African swine fever case discovered 12km from German border

African swine fever case discovered 12km from German border

African swine fever case discovered 12km from German border

African swine fever has been detected in a wild boar just 12 kilometres from the German border. Authorities are ramping up their efforts to contain the disease and stop it from moving into Germany.

ASF moves closer to the German border

On Wednesday, the Agricultural Ministry in Berlin announced that a case of African Swine Fever had been discovered on a dead boar in Poland's Żagań County, east of Bad Muskau in the Görlitz district of Saxony, just 12 kilometres from the Saxon border.

There is likely to be serious implications if evidence of the disease is found in Germany. The country would lose its “disease-free” status, with major economic consequences, as Germany is one of Europe’s major pork exporters. Evidence of the disease within federal borders would severely impact its exports to Asia, where authorities regularly impose import bans on countries where the disease has been discovered.

Efforts to stop swine fever reaching Germany

This week, German Agricultural Minister Julia Klöckner has been working with Polish Agricultural Minister Jan Krzysztof Ardanowski to jointly step up measures to contain the outbreak and prevent it from spreading into Germany.

Germany is maintaining close contact with Polish authorities and protective fences are being erected along the Lusatian Neisse river. A 120-kilometre protective fence has already been built by Brandenburg due to the previous case of ASF near its border.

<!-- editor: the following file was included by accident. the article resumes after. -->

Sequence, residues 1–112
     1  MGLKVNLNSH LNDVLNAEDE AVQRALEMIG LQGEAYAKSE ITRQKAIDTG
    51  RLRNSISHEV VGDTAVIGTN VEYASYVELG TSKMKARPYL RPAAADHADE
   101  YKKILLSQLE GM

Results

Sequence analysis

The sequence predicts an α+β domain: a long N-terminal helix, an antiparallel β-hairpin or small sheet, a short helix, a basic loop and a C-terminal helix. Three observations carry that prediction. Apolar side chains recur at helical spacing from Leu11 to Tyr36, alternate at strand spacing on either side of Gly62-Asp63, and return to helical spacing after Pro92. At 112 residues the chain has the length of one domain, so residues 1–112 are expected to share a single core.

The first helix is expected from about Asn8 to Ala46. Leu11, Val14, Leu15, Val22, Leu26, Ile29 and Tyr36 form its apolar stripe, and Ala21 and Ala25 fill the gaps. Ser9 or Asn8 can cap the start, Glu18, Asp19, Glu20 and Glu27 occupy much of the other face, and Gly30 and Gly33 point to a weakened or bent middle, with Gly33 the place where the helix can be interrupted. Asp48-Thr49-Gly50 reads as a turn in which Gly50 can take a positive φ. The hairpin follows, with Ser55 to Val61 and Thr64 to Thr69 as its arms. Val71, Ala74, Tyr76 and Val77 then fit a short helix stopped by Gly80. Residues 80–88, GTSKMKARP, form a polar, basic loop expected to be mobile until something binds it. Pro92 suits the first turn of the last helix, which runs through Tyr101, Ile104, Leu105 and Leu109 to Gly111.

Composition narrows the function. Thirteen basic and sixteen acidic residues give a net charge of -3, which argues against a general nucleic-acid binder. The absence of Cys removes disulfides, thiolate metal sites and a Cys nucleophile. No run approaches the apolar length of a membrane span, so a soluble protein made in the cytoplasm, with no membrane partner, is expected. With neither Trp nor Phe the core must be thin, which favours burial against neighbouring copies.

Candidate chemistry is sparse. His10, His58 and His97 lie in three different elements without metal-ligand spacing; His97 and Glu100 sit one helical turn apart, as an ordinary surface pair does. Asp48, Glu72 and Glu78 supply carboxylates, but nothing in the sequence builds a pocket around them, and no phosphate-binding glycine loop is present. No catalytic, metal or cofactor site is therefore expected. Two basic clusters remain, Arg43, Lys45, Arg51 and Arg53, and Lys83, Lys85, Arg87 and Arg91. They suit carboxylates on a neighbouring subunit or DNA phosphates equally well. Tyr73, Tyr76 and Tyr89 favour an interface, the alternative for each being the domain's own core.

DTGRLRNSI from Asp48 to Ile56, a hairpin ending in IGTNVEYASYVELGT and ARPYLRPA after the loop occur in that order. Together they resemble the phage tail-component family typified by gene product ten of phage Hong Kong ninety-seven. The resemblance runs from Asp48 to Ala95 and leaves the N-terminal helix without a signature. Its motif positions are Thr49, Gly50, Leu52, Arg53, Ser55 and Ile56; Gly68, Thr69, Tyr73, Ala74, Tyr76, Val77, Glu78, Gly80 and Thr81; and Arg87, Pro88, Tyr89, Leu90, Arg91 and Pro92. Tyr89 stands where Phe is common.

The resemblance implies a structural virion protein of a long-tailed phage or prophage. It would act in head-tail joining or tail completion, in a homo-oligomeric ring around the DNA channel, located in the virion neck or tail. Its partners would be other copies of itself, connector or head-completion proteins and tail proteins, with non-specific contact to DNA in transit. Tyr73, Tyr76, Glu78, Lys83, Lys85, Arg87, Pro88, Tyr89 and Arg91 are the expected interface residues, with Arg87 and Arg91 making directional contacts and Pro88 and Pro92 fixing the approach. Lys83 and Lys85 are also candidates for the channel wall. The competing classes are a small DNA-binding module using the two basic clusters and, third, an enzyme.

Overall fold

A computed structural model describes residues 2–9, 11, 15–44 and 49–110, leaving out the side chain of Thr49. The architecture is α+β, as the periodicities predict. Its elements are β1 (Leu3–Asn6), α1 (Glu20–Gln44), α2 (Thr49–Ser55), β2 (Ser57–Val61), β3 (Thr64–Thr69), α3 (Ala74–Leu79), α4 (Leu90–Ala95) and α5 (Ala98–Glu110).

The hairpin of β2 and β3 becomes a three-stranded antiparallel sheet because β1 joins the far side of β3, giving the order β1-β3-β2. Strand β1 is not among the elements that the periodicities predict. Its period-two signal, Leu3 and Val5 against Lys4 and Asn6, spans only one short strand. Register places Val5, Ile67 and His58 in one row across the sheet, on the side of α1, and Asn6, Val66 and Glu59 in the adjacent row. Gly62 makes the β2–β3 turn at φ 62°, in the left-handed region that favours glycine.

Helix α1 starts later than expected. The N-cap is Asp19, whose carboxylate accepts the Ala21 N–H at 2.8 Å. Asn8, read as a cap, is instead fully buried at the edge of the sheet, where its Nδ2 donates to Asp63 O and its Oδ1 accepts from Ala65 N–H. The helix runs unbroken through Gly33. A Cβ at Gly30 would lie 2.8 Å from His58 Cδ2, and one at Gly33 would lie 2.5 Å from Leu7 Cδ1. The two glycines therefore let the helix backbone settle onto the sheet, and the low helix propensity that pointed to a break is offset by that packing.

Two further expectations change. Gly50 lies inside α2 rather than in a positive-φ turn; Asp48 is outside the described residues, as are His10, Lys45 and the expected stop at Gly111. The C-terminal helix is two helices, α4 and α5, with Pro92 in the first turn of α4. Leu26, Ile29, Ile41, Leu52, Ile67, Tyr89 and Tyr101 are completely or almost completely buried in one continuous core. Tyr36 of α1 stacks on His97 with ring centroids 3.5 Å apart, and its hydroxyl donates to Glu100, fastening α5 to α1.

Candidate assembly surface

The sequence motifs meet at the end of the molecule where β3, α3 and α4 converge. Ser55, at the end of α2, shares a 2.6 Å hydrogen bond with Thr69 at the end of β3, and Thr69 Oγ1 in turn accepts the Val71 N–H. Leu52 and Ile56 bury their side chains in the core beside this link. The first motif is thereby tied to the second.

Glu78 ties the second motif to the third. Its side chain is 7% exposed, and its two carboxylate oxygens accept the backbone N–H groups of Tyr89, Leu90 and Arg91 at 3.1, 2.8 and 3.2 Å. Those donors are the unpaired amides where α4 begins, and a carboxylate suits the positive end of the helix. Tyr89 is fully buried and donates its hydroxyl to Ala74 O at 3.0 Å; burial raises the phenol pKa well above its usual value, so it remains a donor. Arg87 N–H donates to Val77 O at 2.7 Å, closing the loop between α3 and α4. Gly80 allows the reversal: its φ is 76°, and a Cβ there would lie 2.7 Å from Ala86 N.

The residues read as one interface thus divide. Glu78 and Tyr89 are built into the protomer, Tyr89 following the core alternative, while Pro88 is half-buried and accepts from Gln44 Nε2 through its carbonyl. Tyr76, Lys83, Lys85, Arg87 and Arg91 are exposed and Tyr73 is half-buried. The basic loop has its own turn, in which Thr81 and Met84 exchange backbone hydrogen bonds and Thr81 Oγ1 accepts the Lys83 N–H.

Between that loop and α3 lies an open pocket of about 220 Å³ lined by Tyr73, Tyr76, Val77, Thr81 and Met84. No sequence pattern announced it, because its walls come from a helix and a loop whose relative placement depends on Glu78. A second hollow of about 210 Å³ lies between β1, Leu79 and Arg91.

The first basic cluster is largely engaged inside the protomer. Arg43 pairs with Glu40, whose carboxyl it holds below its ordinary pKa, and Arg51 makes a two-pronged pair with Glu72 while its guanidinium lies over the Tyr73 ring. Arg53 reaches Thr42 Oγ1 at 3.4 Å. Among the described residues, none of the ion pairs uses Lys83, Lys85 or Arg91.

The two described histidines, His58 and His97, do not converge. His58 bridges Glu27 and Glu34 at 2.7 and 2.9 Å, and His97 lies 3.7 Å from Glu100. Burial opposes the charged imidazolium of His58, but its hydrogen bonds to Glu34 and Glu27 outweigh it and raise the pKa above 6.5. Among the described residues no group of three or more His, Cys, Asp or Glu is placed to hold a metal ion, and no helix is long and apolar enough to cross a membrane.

African Swine Fever

Back in November last year, the price of pork began to rise sharply in Germany, due to an outbreak of African swine fever (ASF) in China the year before. The disease, which is harmless in humans, had decimated China’s hog population, by as much as 40%, and caused the worldwide price of pork to rise.

Then, only a few weeks later, ASF was detected in Poland, 80 kilometres from the Brandenburg border. Naturally, this posed a serious problem for German authorities and the Ministry of Agriculture announced that it would be taking steps to prevent the disease from entering the country. 

The disease started in Africa, ravaged through Asia and has become increasing prevalent in Europe. It can be spread in a number of ways: through contaminated items like shoes and tools and via food produced from infected pigs, as well as from healthy pigs sharing food with infected pigs.

William Nehra


William Nehra

William studied a masters in Classics at the University of Amsterdam. He is a big fan of Ancient History and football, particularly his beloved Watford FC.

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